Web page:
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Lurbinectedin promising against ovarian cancer
Researchers at ASCO presented results of a study that assessed the anticancer activity of lurbinectedin in women with ovarian cancer that had become resistant or refractory to platinum-containing drugs, such as carboplatin or cisplatin. Overall response rate was 22 percent with lurbinectedin and 0 percent with topotecan. Lurbinectedin was more effective in platinum-resistant patients (30 percent) than in patients with the more challenging platinum-refractory cancer (6 percent).
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Ovarian cancer: Using a genetic signature to predict response to bevacizumab
Medical Research News and Interviews:
In an abstract reported at ASCO, researchers sought to determine whether a genetic “signature” could predict which patients with ovarian cancer benefit from bevacizumab. They found that that patients in the proliferative and mesenchymal groups had an 8- to 10-month improvement in outcome compared to a 3-month improvement for the immunoreactive and differentiated groups.
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Test IDs ovarian cancers in which bevacizumab is no good
Medscape (Free login required)
A new gene expression biomarker test might help guide the treatment of high-grade serous ovarian cancer and avoid the futile use of an expensive type of targeted therapy. The assay may help clinicians determine which patients with HGSOC are likely to benefit from antiangiogenic drugs such as bevacizumab and which might have worse outcomes with these drugs and do better with standard chemotherapy.
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  ChemoFx Improves Ovarian Cancer Outcomes
ChemoFx® provides invaluable information to physicians choosing from 20+ equivalent treatment recommendations without prior knowledge of how individual patients may respond. ChemoFx determines platinum resistance in primary ovarian cancer and demonstrates longer overall survival by 14 months in recurrent ovarian cancer, making it instrumental in improving patient outcomes.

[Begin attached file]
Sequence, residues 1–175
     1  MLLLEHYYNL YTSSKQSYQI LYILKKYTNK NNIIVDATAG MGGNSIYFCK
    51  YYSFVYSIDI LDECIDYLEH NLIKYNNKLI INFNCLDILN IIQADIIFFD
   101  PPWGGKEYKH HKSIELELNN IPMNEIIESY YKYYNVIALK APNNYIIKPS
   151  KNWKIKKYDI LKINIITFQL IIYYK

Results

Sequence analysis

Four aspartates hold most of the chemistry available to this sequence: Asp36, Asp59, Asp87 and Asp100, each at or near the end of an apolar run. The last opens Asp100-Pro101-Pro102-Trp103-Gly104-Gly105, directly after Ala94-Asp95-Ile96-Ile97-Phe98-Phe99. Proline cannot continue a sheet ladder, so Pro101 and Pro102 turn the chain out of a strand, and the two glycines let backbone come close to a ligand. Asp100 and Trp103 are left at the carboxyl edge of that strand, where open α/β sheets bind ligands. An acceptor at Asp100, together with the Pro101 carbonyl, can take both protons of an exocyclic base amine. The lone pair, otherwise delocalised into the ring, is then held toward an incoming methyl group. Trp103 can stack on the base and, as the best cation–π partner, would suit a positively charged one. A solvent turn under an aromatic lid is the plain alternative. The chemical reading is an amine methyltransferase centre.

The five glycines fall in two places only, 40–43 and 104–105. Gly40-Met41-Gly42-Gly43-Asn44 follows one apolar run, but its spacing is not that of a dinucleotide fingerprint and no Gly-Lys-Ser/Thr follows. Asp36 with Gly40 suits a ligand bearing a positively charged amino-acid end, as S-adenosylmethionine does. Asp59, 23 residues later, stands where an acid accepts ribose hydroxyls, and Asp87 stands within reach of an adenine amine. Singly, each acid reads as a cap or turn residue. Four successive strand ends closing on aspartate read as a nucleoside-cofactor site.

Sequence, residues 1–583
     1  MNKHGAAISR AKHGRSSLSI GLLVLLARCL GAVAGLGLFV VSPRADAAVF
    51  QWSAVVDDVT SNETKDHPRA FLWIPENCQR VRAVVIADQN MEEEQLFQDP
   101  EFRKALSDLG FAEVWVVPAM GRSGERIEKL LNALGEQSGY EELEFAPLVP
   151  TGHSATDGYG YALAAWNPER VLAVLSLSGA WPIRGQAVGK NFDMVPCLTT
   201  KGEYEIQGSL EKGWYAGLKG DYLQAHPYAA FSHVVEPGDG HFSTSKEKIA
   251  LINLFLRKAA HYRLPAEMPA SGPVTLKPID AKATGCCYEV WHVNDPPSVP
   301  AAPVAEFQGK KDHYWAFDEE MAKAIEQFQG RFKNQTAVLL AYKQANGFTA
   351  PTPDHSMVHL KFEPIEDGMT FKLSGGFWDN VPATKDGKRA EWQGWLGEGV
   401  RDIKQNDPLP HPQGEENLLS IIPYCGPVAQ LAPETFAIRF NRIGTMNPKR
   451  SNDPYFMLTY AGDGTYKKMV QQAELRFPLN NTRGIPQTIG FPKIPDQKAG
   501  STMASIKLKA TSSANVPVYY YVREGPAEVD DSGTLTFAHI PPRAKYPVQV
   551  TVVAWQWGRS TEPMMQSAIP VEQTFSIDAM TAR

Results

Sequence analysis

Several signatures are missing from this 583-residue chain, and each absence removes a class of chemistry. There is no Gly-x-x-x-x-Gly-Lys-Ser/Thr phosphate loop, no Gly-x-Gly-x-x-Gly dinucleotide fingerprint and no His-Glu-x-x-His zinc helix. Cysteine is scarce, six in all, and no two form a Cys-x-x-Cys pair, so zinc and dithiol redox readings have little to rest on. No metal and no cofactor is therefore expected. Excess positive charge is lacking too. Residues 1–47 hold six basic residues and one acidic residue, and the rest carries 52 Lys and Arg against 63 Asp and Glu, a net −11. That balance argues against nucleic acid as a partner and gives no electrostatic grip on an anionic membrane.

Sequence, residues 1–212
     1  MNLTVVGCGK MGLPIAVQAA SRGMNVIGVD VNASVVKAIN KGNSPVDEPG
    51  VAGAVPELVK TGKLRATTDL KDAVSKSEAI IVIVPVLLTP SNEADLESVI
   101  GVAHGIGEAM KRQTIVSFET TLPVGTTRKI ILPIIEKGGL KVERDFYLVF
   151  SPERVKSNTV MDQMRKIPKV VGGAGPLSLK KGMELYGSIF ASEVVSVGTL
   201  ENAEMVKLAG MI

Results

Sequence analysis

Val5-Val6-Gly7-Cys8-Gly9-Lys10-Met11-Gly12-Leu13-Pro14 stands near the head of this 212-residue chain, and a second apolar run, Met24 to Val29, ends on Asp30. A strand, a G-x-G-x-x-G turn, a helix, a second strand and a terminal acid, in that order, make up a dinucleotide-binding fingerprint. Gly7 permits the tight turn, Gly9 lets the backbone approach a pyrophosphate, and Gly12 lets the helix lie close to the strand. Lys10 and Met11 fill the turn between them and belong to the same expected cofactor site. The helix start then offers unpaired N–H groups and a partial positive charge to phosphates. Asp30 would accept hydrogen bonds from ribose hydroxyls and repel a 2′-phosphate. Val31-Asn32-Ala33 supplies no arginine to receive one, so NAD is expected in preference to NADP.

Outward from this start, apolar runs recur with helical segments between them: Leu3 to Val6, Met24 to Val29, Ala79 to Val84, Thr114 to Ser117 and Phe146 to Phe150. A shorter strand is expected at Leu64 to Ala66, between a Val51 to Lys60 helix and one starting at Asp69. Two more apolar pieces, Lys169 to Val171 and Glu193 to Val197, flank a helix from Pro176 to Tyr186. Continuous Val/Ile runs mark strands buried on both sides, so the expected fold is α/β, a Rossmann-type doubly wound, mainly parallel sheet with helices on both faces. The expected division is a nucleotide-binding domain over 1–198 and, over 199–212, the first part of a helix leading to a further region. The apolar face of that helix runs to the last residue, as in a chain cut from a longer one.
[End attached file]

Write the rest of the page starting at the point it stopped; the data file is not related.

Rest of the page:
Should U.S. women be screened for cervical cancer with Pap tests, HPV tests, or both?
Annals of Internal Medicine (Subscription required. First page available to non-subscribers.)
April 2014, the U.S. Food and Drug Administration approved the Cobas HPV test to be used alone to screen women aged 25 years or older for cervical cancer. A commentary in the Annals of Internal Medicine discusses the advantages and disadvantages of the newly approved test. The authors emphasize that increasing screening rates should be the major focus of efforts to reduce invasive cervical cancer regardless of which test is used.
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Premenopausal breast cancer: Ovarian suppression with exemestane
Medical Research News and Interviews:
In premenopausal women, aromatase inhibitors given as adjuvant treatment are more effective than tamoxifen in women with hormone receptor positive early breast cancer who are given concomitantly ovarian suppression to lower estrogen production, according to an abstract presented at ASCO. The 28 percent improvement in disease free survival is comparable to that seen in postmenopausal women.
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4 new genes added to the 'inherited breast cancer' risk list
Medical News Today
Researchers at Huntsman Cancer Institute at the University of Utah have discovered four new genes that increase breast cancer risk when mutated. The team, who lead an international consortium with the aim of locating more gene mutations that may cause inherited breast cancer susceptibilities, have added RINT1, MRE11A, RAD50 and NBN to the growing list of higher risk genes.
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Rare ovarian cancer leads to another: Cancer registry saves baby's life
Today Health
A young mother who survived a rare form of ovarian cancer and who wanted to help others has ended up saving the life of her own newborn son, researchers reported on Monday. Megan Flynn discovered she had a rare genetic mutation that caused her own case of ovarian cancer when she was just 17. When doctors saw it, they advised her to get her kids tested.
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Women's Cancer News
Colby Horton, Vice President of Publishing, 469.420.2601
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Jessica Taylor, Senior Medical Editor, 202-684-7169  
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